Leadership Characteristics: 3 Must address change

Self-care, empathy, and agility empowerment team

The magnitude, velocity, and complexity of the changes brought about by digitization; Accelerated technologies such as 5G, AI, and Quantum; Climate change; Demographic change; And the epidemic has disrupted the way we live, connect, work, travel and learn. Over the past two years, the complex changes forced by the epidemic across all aspects of life have forced leaders to adapt and develop new skills to continue to be effective. Today, leadership traits look quite different from two years ago. Leaders are more secure with self-care, empathy and weakness because they are not weak but they are more self-aware, realistic and genuine. This article discusses three characteristics that are important for effective leadership today: self-care, empathy, and agility.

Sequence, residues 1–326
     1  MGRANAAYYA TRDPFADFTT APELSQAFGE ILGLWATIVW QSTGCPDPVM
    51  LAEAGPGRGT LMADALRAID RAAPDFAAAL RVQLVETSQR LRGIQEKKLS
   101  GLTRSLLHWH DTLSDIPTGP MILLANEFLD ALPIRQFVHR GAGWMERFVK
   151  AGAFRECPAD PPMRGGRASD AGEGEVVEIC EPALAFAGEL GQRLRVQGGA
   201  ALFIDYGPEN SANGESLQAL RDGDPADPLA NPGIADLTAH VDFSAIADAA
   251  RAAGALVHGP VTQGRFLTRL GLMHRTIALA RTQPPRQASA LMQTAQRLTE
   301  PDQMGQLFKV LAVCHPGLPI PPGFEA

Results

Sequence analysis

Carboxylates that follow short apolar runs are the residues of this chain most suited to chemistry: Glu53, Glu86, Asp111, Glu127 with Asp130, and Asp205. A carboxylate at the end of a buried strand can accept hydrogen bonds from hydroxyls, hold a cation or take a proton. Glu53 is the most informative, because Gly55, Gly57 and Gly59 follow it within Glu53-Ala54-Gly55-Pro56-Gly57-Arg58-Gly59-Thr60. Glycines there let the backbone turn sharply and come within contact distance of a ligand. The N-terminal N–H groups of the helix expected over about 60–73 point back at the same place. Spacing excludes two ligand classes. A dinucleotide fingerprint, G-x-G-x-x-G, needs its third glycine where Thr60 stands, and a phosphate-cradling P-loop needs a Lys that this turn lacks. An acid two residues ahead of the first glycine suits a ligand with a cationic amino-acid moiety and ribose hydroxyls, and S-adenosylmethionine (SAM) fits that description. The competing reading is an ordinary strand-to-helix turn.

3 traits are important for effective leadership today

1. Self-care

Traditionally, leaders have downplayed self-care as a soft and vague indulgence that is incompatible with their still nerves and fast-paced lives. Its recent Harvard Business Review In the article, Dr. Palena Nile mentions that when leaders practice self-care, they become better at caring for their team and mission. When I think of self-care, I always think of this maxim, “In an emergency, put on your oxygen mask first before helping others,” which is much more true now than ever before. In times of crisis, taking care of yourself is vital. We need to be resilient in order to meet the challenges that lie ahead. Taking care of yourself builds resilience in both body and mind.